Monday, June 22, 2015

Recipe Post: How I Personally Make My Very Awesome Iced Coffee

I overthink things. This is fact.

And when it comes to writing in my blog, I absolutely overthink every word. I'm a copy editor, so I go back and catch errors and fix them. I reread. I write posts that I don't actually publish all.the.time. And I get upset when I realize I made a typo or a misspelling or I left an awkward sentence alone (and I go back and fix these things days later*).

I'm doing it totally wrong.

I have seen multiple bloggers lately - recipe bloggers and not - post about how they make their super special iced coffee. Well, look, I thought that was simple enough to not need a recipe but apparently it needs one. I'm jumping on the train and I'm following the crowd and I'm leaping off the cliff and I'm mixing up all the metaphors into one messy sentance with a typo in it that I am going to leave there and not fix. For now. Probably. (SENTENCE)

Here is how I make the iced coffee that I drink almost daily in the summer:


Yes, yes, I can absolutely use leftover coffee from the morning, if there is any, and just pour that over ice and call it a day. I can also freeze that leftover coffee if I'm feeling extra fancy and use that frozen coffee in with hot-brewed-cooled-down coffee. But I prefer to start with a cold brew - and that takes a bit of pre-planning. (When I forget, I do the leftover coffee/hot over ice blahblah. It doesn't taste as good to me, but some people think ristretto tastes better. This is my blog, this is what I like.)

I take one cup of ground coffee to start. The grind? I tend to go with a coarser grind, as that seems to work better. Lately I've just been grinding it in my grind-your-coffee-maker - I don't add water to the machine, I run the beans through the grinder bit until they fall into the basket, and then I turn it off and voila. I have to do this in two batches of a half cup of beans at a time, but it works. The roast/type of coffee? Eh. I have used cheap crap from the grocery store and it's just fine for this purpose.

Trader Joe's Half Caff
I recently discovered, though, that Trader Joe's half caff is actually amazing for cold brew - it just has the right blend of flavor and roast and bitterness (or lack thereof) and smoothness...everything. Plus, I often have my iced coffee in the afternoon when I'm not looking for quite the same kick as I get from my preferred hot coffee, which is organic Colombian from the farmers market (the indoor store, not the outdoor market). That also works for this "recipe" by the way. But just...use whatever.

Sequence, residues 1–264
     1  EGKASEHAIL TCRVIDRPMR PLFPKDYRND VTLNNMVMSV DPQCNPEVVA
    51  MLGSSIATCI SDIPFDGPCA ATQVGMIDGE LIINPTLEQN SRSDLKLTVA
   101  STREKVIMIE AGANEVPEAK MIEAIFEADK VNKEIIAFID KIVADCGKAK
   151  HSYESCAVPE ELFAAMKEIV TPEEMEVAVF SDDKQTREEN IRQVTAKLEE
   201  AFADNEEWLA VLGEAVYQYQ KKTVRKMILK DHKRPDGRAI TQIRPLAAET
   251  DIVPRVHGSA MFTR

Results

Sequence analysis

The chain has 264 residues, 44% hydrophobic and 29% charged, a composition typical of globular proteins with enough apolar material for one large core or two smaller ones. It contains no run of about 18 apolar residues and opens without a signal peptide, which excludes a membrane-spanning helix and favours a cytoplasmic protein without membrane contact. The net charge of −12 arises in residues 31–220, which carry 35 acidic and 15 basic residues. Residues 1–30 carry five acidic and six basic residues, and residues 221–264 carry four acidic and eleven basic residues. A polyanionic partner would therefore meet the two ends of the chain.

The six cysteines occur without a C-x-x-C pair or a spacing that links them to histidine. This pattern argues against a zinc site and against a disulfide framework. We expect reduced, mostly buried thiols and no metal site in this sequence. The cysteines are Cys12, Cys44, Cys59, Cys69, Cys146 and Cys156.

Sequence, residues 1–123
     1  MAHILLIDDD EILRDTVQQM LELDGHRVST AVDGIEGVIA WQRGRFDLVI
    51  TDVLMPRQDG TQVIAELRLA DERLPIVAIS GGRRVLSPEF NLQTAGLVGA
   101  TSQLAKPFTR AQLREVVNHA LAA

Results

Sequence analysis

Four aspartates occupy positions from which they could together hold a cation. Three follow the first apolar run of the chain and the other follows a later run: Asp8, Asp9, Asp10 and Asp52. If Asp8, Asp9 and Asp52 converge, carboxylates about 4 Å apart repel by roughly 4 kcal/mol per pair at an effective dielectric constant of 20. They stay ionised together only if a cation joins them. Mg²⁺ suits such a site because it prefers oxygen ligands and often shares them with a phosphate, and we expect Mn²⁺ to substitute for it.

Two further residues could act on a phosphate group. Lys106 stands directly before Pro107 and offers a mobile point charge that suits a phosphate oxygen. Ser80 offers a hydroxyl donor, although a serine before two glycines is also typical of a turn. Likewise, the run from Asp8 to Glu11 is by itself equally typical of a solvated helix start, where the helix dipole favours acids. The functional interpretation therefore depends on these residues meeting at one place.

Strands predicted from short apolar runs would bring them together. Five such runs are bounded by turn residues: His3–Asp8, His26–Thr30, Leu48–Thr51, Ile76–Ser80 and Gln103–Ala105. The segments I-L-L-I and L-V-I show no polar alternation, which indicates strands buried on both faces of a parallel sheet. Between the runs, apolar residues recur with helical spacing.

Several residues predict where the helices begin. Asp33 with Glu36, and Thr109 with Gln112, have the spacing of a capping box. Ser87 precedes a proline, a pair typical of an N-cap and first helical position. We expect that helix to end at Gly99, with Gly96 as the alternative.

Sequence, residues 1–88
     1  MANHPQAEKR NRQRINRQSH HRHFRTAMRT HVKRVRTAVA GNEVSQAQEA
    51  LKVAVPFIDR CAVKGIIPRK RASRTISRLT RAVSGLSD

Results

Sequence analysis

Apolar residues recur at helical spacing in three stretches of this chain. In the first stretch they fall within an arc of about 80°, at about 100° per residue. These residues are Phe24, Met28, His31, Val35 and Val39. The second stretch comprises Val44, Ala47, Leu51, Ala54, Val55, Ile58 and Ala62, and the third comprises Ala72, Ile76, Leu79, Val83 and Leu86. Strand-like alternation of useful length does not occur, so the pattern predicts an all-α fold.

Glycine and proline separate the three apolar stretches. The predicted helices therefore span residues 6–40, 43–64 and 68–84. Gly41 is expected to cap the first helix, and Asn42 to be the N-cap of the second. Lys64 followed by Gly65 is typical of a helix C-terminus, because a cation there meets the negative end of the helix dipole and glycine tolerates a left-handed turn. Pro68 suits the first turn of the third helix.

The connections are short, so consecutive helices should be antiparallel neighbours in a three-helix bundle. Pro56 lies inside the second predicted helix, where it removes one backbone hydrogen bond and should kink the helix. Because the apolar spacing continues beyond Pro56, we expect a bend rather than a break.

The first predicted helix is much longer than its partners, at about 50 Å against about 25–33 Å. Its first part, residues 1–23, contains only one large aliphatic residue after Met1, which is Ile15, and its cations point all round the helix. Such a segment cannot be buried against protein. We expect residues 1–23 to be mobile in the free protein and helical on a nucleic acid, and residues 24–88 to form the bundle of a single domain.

Reason #12908 why I'm not a food blogger: My camera. No fancy DSLR for this lady! This is a good old cellphone pic. Anyway, this is what a cup of coffee grinds in an Ikea container looks like, if you were curious.
So I take this cup of grinds and I dump it in a container. Usually one of the cheap plastic containers I got from Ikea. Sometimes an old container I used to use with my vacuum sealer. Doesn't matter. Maybe someday I'll go for a Toddy - I've heard those are great. This works for now.

With 4 cups of water....
Then I dump four cups of water on top and I put a lid on the thing and I sometimes swirl it or stir it if I think of it, and I shove it in my fridge.

I wait...well, usually I wait about 12 hours. Sometimes a bit more, usually not much less.

Next I take the mesh strainer I bought one time because I wanted to make giant pots of sweet tea or something (spoiler alert: I did that maybe once) and I pour the coffee through it and let that sit as long as I have patience for it. Sometimes I press on the grounds in the mesh a bit with a spoon.

On the left, the empty container. On the right, the grounds being strained into a second Ikea container. I used a silicone spatula-thing to squeeze as much coffee out of those grounds as I could.